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Testing sparks Korte outburst at APS meeting

Copyright © 2014 Albuquerque Journal

During an emotional outburst at last week’s Albuquerque Public Schools board meeting, member Kathy Korte said she is “so goddamn grateful she (her eldest of four children, a high school senior) is leaving the public schools” system at the end of the school year.

On Monday, Korte said the remark was not meant to be a slight against public schools but was borne out of her frustration over the use of standardized tests in schools.

KORTE: Says comment borne of frustration

KORTE: Says comment borne of frustration

“That comment I made was in regards to the fact my senior is getting out in the nick of time. She’s not going to have take as many (end-of-course exams) as my fourth-grader,” said Korte, who has argued testing in New Mexico schools has increased too much.

Board member Don Duran said he doesn’t want to tell other board members what to do, but he thought Korte’s choice of language was poor.

“I can only speak for myself. I can’t regulate other board members and what they say, nor would I want to,” Duran said Monday. “It does not do us any good in our discourse over public education to use poor language or to curse other people, or to curse at all.”

Member Lorenzo Garcia said board members grew frustrated at points during last week’s meeting but doesn’t recall Korte’s comment.

Other board members could not be reached for comment Monday.

Korte made the remark during a debate about whether the board should pass a resolution calling for the state to delay the use of its new standardized test, the PARCC exam, which will be given to students for the first time this year. Or to suspend the use of test scores in teacher evaluations. Or do both.

The board passed a resolution calling on itself to draft a resolution addressing its concerns with the PARCC exam and its role in teacher evaluations and school grades. The board is looking to get feedback from parents and teachers before drafting its resolution.

APS board members have argued test scores play too great a role in determining a teacher’s rating under the evaluation system the state adopted last year. Test scores make up 50 percent of a teacher’s evaluation score, unless test scores are unavailable.

They also have questioned the accuracy of statistical models, called value-added models, which the Public Education Department uses to calculate teachers’ scores.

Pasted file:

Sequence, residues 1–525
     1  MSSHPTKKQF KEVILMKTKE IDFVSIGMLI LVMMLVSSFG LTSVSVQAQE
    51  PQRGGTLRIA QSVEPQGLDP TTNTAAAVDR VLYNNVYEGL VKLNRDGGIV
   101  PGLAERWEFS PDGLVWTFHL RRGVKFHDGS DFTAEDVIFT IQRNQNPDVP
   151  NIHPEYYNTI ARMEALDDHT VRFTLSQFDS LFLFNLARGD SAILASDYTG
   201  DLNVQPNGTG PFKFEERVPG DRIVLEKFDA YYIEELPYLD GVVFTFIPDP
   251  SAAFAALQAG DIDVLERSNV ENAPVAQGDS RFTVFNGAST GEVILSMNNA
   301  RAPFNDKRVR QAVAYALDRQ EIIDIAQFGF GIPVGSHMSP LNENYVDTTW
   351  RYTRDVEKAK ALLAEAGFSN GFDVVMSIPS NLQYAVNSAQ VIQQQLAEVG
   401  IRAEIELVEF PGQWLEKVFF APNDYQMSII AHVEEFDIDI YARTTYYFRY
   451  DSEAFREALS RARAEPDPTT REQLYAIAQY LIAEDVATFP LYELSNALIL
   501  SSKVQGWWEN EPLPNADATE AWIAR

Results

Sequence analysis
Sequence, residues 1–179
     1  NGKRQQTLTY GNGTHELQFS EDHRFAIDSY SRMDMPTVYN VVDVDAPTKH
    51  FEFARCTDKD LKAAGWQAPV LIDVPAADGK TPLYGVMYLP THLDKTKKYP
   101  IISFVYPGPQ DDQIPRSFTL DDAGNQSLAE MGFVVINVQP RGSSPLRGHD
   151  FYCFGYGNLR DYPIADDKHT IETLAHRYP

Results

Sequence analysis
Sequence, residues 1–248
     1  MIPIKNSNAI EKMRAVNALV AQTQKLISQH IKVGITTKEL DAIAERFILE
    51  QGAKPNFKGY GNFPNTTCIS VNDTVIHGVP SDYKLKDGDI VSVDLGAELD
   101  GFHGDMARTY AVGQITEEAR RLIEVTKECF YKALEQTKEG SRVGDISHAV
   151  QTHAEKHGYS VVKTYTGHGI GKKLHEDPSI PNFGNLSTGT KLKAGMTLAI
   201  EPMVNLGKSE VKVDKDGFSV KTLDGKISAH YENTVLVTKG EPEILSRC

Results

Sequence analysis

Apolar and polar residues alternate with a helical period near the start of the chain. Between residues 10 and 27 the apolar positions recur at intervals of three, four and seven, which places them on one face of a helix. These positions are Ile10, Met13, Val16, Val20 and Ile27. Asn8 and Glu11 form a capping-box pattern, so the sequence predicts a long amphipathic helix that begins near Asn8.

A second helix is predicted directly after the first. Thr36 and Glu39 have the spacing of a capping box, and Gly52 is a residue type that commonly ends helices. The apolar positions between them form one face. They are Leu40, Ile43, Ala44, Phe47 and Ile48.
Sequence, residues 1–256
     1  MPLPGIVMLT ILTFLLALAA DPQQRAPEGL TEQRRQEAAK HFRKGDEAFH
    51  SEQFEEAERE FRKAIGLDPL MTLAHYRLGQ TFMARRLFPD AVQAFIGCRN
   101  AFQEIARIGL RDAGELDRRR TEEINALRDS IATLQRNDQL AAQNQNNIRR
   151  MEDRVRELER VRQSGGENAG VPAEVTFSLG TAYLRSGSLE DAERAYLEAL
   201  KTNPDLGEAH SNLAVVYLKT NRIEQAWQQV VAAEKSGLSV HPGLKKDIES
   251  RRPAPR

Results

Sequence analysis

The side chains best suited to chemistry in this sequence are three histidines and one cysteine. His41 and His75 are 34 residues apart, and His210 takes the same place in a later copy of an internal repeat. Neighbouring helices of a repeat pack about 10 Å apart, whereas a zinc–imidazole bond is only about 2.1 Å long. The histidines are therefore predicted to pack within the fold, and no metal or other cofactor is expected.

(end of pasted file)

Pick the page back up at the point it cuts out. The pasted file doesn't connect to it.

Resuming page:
Meanwhile, the PED has been steadfast in saying value-added models accurately measure the quality of a teacher’s instruction and that test scores should make up half of a teacher’s score.

One of the points of contention among board members last week was whether it’s worthwhile to try to negotiate policy changes with the PED. Korte, who has become emotional on issues in past meetings, said she doesn’t believe it is because she doesn’t believe the PED will budge. Several other board members said it’s wrong to give up talking with the state. “I was educated to negotiate, to work with people, to speak with people,” Duran said.

Board member Marty Esquivel disagreed the PED was unwilling to negotiate. “That’s not what I understand,” Esquivel said at the meeting. “I understand they’ve always been willing to sit down at the table.”

Korte has made controversial statements before. In July, she referred to Rep. Paul Pacheco, R-Albuquerque, as a “traitor” on a Facebook post because she was unhappy with his voting record, in particular his vote to increase “below-the-line” education funding. That is money the PED can spend as it wishes, as opposed to providing the money directly to school districts.

Korte and board president Analee Maestas traded barbs over emails in April in a dispute about Korte’s role in an advocacy group that encourages parents to opt their kids out of standardized tests. Maestas said Korte’s role in Stand for Kids conflicted with her role as a board member. Korte disagreed.

Last December, she irked Esquivel and then-Superintendent Winston Brooks when she belittled the $1 million Broad Prize for Urban Education, established in 2002 and named for billionaire philanthropist Eli Broad, that the APS administration was pursuing.

The grant goes to large urban school districts that improve academic performance while closing achievement gaps among poor and minority students.

Korte said Broad is a behind-the-scenes leader of what she sees as a corporate takeover of the nation’s public schools.